Oh, the Places Your Art Will Go

A couple of weeks ago, I endured a particularly grueling trip to the grocery store with my two youngest children. It started with the purchase of King Julian yogurt tubes instead of Teenage Mutant Ninja Turtle yogurt tubes and escalated to a shouting match over who would press the button to close the rear door of the minivan. An attempt was made at choking. An arm was bitten hard enough to leave a bruise. There was much wailing and whining as I slammed shut the vehicle to head for home. All I could think to do was crank up the car stereo. I didn’t care what song was on, only that it would drown out the pandemonium in my car. It happened to be Dustin Lynch’s “That’s Where It’s At.”

The song’s okay. I don’t have much feeling for it one way or another. But I started to pity Dustin Lynch. Someone slaved over that song. Every chord, each lyric, was the product of someone’s creativity. There were writers, performers, producers, and others. The grand sum of countless hours of creativity and work was, for me, finding its fulfillment in suffocating the noise of my children in meltdown mode.

ephemeral art

Photo by Tamarcus Brown,unsplash

We’ve all used “art” that way, haven’t we? Music or television programming to supplant too much noise or too much silence. Magazines for the kids to cut out pictures. Newspapers to line a rodent’s cage. A movie to distract during illness or pain. A book to keep the window propped open or boost the toddler at the dinner table.

For a writer, it’s a sober reminder not to take myself or my work so seriously. The novel I spend hundreds of hours dreaming, writing, editing, formatting, and promoting could end up all sorts of places. Even unseemly places. (I say this as a child who read dozens of Archie comic books in the quiet and privacy or our family bathroom.)

The words, images, and music created by others permeates our lives. A movie playing may be the backdrop to crime, sin, celebration, or illness. Papers on which words were created with loving attention sop up messes, clutter shelves, jam purses, and line library sale tables. Music is the background of meals, runs, shopping excursions, road trips, breaking up and making up.

It’s not the material form of the art that endures. It’s rarely even the intangible mood, meaning, or emotion it creates. Art is ephemeral. But sometimes . . . sometimes it sticks.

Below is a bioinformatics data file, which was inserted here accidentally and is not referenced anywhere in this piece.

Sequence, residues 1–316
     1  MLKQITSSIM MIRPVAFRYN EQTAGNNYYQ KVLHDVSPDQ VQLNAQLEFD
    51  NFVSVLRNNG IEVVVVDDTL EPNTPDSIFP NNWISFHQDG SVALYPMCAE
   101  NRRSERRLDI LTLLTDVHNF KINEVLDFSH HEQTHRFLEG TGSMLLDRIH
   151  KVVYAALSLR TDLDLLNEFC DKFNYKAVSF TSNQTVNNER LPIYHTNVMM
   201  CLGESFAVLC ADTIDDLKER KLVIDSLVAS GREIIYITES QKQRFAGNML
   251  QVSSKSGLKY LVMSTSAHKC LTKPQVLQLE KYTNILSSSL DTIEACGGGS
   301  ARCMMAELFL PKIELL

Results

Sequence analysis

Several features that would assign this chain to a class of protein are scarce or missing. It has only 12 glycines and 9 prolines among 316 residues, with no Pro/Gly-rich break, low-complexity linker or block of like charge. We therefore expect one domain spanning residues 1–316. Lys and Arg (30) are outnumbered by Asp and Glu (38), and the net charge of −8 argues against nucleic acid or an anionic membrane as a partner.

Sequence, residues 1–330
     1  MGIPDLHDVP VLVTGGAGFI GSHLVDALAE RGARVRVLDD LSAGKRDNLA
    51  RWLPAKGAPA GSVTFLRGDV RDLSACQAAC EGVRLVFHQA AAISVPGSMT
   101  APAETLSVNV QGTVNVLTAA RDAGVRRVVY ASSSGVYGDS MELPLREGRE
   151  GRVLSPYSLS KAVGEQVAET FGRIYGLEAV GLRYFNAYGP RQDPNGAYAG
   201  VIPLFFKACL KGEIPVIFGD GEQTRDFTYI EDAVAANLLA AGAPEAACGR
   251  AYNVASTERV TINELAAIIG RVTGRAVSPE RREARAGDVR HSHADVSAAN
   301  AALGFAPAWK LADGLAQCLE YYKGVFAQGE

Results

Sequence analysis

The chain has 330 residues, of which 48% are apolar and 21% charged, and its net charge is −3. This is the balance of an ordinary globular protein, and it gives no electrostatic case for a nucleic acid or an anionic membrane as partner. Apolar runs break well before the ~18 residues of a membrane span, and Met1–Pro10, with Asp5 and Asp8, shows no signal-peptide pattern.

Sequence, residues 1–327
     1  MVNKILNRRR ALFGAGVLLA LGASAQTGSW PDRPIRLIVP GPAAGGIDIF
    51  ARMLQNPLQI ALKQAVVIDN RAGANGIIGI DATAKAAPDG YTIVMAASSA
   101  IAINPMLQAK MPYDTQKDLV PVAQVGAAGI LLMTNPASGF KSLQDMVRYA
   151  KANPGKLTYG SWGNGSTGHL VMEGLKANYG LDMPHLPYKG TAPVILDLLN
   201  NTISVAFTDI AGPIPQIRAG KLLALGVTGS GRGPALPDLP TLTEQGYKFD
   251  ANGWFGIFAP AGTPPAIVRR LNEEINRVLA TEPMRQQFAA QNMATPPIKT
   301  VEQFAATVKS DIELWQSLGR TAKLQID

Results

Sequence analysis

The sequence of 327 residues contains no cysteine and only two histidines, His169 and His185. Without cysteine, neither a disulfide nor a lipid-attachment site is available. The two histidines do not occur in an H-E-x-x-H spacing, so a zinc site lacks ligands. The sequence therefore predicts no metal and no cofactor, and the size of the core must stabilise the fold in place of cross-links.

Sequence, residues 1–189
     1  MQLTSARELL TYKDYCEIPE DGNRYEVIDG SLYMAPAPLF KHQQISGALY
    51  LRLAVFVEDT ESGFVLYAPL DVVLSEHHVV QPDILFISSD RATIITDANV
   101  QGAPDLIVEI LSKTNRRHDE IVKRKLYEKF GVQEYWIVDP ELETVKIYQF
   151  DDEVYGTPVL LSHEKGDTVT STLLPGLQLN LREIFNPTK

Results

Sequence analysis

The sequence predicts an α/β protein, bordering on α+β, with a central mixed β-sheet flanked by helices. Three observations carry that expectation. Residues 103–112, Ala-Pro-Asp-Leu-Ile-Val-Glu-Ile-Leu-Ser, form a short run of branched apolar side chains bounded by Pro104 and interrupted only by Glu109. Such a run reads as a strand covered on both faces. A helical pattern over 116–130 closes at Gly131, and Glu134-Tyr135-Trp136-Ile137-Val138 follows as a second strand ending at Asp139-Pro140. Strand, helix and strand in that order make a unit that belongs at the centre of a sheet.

• Air Supply’s Greatest Hits was the soundtrack for the bus ride of my eighth grade field trip to Washington, DC.
  • U2’s Zooropa is the record that played inside my boyfriend’s Oldsmobile Calais late, late on Friday and Saturday nights when we were dating.
  • Bruce Springsteen’s The Rising is the music that played as my husband and I traveled throughout the green mountains of Vermont on vacation.
  • Irish Dreams by Alisa Jones came from the speakers of our little Saturn sedan as we drove up and down a misty Skyline Drive in the Blue Ridge Mountains.
  • When I quit working full-time and resumed reading for pleasure for the first time in years, I picked up The Cruelest Miles: The Heroic Story of Dogs and Men in a Race Against an Epidemic by Gay Salisbury to fill the historical fiction requirement of my library’s reading BINGO.
  • I read John Adams by David McCullough while sitting at my dad’s hospital bedside the day before he died.
  • Forget Not Love: The Passion of Maximilian Kolbe by André Broussard was read as I lay in a tent in Shenandoah National Park with my napping toddler during the first trimester of my fourth pregnancy.
  • Stephenie Meyer’s Twilight was my companion during first trimester of my sixth pregnancy.
  • War Horse is the movie my husband streamed while I was in early labor with my youngest child.

Whether it “sticks,” or is lost to the mountain of memories piling higher behind me each day, these books, these songs, these movies – these moments – are the moments of my life. The shape a moment or a memory or, sometimes, my way of thinking.

I don’t know where the things I’ve created have gone, where the words I’ve strung together have reached – on paper or in cyberspace. It’s probably better that I don’t. It’s enough to hope they touch a heart, a mind, or a soul for a second or two. And if not, maybe they served as fire starter or a door stop. Either is fine by me.

What books, music, or movies have stuck with you or do you identify with a specific time and place?


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